Ebola and the Security Sector: Opportunities and Limits of Security Sector Engagement in Global Health Crises
Thursday, 5 February 2015, 16:00-18:30
Maison de la Paix, the Graduate Institute, Geneva
Organised by the Global Health Programme, the Graduate Institute and the Geneva Centre for the Democratic Control of Armed Forces
The recent Ebola outbreak in Western Africa has had serious implications for human security and economic development in the affected countries. It has also raised concern about political stability in countries that have been severely affected by civil war. Delayed and disorganized initial attempts to contain the quickly emerging epidemic, and fears of further spill-over across and beyond the countries concerned as well as the African continent made it abundantly clear that more effective approaches are needed to both prevent and manage such global health crises.
The economic, security and humanitarian dimensions of such a health crisis call for action in different sectors and at several levels, global, regional, national and local. This includes financial investment and support to provide emergency health care as well as public health measures to contain the spread of the disease; diplomatic and political efforts to prevent potential political instability and to build trust; and efforts to help affected populations cope with the crisis and its aftermath and recover from the suffering and the social and economic impact it has caused. It will be critical to put in place structures and institutions to prevent future crises of similar magnitude in the countries concerned - but also to learn from this initially “disastrously inadequate response” how to build preparedness and response mechanisms at the global level that stand ready to support countries in the event of a major disease outbreak.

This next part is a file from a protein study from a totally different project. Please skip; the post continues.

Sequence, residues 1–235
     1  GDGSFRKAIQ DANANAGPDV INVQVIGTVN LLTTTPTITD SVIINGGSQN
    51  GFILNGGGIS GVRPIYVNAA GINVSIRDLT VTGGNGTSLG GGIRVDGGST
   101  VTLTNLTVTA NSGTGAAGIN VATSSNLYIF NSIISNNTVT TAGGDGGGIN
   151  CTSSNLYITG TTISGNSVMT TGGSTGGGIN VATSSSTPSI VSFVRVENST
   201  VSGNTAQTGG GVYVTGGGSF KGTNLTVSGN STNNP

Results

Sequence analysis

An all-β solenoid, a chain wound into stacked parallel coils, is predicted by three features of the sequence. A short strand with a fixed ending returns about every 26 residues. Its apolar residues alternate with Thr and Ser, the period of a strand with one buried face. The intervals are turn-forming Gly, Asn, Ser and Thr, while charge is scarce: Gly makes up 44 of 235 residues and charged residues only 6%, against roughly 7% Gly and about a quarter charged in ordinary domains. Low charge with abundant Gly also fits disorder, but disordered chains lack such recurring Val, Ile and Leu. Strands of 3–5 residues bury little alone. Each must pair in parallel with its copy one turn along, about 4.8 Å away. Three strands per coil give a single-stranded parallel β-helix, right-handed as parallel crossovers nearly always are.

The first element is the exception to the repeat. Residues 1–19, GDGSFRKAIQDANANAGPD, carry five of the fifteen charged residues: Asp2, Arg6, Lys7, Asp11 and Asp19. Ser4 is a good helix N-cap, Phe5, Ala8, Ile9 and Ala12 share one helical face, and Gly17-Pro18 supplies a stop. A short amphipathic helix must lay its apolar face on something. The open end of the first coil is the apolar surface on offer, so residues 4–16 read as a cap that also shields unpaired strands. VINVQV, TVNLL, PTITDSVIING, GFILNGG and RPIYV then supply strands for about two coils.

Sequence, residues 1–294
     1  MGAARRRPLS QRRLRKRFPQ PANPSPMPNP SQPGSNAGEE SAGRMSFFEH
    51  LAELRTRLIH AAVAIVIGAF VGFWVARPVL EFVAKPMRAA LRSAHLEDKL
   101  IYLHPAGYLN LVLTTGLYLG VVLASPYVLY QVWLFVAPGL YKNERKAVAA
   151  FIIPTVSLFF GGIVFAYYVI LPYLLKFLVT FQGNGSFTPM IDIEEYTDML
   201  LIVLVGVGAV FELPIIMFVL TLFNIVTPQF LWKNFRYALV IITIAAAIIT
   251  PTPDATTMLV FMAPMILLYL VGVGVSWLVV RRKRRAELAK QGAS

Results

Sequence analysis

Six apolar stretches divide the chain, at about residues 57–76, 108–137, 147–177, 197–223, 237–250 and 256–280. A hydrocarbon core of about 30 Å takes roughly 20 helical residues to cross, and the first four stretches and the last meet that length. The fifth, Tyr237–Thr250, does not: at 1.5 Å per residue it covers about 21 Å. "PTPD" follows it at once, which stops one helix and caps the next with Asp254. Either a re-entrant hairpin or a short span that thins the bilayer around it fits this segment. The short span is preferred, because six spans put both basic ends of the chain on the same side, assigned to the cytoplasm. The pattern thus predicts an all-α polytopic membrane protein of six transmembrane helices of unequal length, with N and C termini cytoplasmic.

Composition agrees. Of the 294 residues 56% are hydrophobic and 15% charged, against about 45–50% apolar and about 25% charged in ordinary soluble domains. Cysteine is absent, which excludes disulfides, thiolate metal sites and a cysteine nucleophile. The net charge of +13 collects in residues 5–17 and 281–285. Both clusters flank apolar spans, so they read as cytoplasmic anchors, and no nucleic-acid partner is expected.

The challenges that emerged to assist affected nations in managing and containing the Ebola outbreak raise the question as to which contributions security institutions can and should make to manage global health crises. How can benefits of security sector involvement in health crises be maximized and disadvantages minimized? What are the structural deficiencies of existing crisis preparedness and response mechanisms? What are the governance challenges at the national and international level, including the role of national security institutions, regional economic and security arrangements, and the United Nations System?
The public event will address these issues with engaged academics, policy makers and international organisations, including participants from West Africa. It will discuss lessons learnt and experiences from Ebola and previous global health crises, in order to put forward recommendations directed at the health, the humanitarian and the security sector communities. Therefore, the event will bridge and bring these perspectives closer together, potentially providing a more coherent, cross-sectorial approach to this global challenge.
The event is sponsored by the Swiss Armed Forces and the Swiss Federal Department of Foreign Affairs.